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NJ Nurse Fired for Painting a Portrait of Hospice Patient

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Many of us are used to going above and beyond for our patients, but one nurse recently found out that some gestures can get you into trouble. The nurse painted a portrait of a hospice patient, as per her request, only to be fired several days later for not focusing on her nursing duties.

A Sweet Gesture Gone Wrong

The nurse in question posted a viral Reddit story describing the incident. She works at a hospice facility in New Jersey where COVID-19 safety guidelines are still in effect. Only a few visitors are allowed in the building at the same time, depriving patients of some much-needed human interaction.

The nurse was caring for a 53-year-old cancer patient, who she describes as “incredibly sweet.” One of her last requests was to have her portrait painted. She told the nurse that no one has ever drawn her, and the portrait would mean a lot to her.

The nurse asked her manager if they could have an artist come in and paint the patient before the patient died, but the request was denied. However, the nurse was an artist herself before deciding to become a nurse, so she decided to paint the portrait herself. She brought her supplies to work and completed the portrait during her lunch break and about 30 minutes of the company’s time, but she says her co-worker was more than happy to cover for her.

“The patient and family loved it. They instantly cried once they saw it and thanked me tremendously. The patient was obviously so grateful, and the family appreciated my work,” the nurse wrote.

Several days later, the nurse showed up for work at 7 AM for her morning shift, but something was amiss. She says her nursing manager called her into her office and said, “Did you paint a portrait for (name of patient)?”

The nurse said yes and explained her reasons for doing so.

However, the manager responded with, “Your role here is an RN, not an artist, we are going to have to terminate your employment effective immediately.”

The nurse was shocked to lose her job over the incident. “Needless to say, I am shocked and hurt. I don’t know what I did wrong. I miss my job already and it’s only been gone two hours,” she posted on Reddit.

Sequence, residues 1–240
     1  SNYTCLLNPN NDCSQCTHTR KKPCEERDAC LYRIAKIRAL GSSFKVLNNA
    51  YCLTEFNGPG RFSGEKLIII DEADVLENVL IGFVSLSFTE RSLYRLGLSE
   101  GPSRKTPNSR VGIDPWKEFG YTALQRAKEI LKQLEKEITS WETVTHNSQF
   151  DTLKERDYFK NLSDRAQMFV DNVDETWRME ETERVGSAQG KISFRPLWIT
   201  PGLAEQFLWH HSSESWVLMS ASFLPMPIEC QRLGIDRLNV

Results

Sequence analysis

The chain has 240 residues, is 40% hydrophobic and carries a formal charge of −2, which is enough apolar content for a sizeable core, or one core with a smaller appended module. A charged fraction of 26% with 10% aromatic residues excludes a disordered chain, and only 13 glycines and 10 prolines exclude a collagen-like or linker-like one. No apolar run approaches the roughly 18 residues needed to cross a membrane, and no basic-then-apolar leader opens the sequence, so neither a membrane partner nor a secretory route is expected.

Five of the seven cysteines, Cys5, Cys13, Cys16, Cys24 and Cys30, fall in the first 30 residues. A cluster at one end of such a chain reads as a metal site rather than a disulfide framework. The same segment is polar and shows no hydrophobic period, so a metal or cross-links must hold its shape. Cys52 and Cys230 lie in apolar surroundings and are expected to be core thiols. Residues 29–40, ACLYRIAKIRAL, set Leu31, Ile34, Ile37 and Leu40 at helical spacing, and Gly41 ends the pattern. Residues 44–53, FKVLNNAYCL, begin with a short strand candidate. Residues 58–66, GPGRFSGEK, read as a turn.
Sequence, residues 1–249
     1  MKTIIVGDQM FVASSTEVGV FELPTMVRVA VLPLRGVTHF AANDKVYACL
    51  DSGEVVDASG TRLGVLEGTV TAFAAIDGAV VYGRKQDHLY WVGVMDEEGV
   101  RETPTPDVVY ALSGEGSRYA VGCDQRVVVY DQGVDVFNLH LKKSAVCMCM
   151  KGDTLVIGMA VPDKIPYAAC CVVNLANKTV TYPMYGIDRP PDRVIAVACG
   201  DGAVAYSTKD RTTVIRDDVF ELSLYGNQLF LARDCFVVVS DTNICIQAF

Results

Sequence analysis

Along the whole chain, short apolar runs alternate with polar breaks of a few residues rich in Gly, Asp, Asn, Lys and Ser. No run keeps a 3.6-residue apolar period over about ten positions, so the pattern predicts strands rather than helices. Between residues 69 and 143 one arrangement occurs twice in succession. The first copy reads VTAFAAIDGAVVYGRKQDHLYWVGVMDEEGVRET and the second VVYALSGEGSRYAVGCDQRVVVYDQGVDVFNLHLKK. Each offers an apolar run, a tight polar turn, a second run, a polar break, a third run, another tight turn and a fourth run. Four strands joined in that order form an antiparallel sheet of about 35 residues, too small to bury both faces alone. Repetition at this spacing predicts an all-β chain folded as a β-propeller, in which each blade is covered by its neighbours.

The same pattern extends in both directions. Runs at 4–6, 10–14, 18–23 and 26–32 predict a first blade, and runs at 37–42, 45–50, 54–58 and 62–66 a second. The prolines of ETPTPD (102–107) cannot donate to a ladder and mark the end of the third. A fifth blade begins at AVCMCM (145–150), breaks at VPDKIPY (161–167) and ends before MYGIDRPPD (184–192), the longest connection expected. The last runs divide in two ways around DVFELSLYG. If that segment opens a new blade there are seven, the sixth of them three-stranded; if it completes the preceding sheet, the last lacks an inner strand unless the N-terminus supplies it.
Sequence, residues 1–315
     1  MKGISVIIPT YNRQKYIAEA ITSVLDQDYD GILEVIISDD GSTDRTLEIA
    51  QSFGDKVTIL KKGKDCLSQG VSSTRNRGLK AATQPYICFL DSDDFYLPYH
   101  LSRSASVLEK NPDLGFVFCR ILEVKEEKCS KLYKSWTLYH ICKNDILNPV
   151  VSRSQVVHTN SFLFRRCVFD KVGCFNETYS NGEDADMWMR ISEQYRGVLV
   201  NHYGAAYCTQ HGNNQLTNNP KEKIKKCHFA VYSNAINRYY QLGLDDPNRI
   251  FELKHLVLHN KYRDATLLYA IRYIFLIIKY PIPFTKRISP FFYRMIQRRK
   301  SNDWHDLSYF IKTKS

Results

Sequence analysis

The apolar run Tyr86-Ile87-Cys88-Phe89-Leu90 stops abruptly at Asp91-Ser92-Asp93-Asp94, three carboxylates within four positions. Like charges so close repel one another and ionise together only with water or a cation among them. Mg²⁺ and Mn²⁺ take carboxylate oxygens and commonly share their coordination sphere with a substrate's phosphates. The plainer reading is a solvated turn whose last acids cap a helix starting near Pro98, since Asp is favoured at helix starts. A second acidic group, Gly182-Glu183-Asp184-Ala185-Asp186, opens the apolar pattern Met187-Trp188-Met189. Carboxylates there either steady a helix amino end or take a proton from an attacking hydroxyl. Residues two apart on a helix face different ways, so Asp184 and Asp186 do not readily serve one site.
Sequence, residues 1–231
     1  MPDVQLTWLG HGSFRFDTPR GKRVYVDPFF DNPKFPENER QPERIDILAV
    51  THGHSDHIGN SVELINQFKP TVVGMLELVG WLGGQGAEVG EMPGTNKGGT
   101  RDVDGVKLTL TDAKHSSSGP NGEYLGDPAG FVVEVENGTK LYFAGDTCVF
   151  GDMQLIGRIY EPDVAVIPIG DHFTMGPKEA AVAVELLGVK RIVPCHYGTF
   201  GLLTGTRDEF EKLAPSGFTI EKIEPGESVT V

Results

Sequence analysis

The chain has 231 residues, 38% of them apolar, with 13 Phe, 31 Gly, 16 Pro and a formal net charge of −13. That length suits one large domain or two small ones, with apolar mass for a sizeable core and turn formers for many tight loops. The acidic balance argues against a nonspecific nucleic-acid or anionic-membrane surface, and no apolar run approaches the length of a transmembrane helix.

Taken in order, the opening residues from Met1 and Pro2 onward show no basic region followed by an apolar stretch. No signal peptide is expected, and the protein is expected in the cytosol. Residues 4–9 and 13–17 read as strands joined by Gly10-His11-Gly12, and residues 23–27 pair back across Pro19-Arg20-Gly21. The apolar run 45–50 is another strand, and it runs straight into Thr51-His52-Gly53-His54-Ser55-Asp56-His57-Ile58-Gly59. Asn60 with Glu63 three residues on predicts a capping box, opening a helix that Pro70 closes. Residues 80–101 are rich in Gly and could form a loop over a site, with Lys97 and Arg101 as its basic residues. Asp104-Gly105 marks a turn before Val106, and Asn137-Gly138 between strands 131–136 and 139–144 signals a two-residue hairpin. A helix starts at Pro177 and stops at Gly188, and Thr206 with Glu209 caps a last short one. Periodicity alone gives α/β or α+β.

Should She Have Been Fired?

Nurses are supposed to address the full range of human experience as it relates to health and wellness, including health promotion, restoration, and palliation. Painting a portrait of a patient may not be the same as administering medication, but these kinds of gestures often come with enormous health benefits, including reducing blood pressure, relieving anxiety, and improving the patient’s mood.

Once the post went live, many nurses rallied to her cause. They contributed to the conversation by sharing some of the ways they go above and beyond for their patients.

One nurse responded with, “This is insane. I cut hair, paint nails, read books and dance with my patients. This is a blessing.”

Another user chimed in with, “That’s brutal of management. Guess they’re not big on holistic care of the patient. You did something incredibly meaningful for a (dying) patient and her family, and you were heartlessly penalized in an extreme way. If I were in that situation, I’d rather have you as my nurse than a task-oriented/check the boxes nurse any day. I’m sorry this happened to you and I’m sure the patient and her family and your other patients will miss your thoughtful care.”

“Provided you didn’t get paid, I can’t see ANYTHING wrong with what you did. It was sweet and wonderful, and you provided above-and-beyond care for your patient,” another user commented.

If you’re planning on doing a grand gesture for one of your patients, check your employee contract beforehand to make sure these kinds of acts are permissible in the workplace. Talk to your nursing manager about your plans to see if they comply with the rules. If not, try to come up with a feasible solution that won’t get you fired.

Chances are that your patients would rather have you around than not, so it’s usually better to be safe than sorry. 

Steven Briggs
Steven Briggs is a healthcare writer for Scrubs Magazine, hailing from Brooklyn, NY. With both of his parents working in the healthcare industry, Steven writes about the various issues and concerns facing the industry today.

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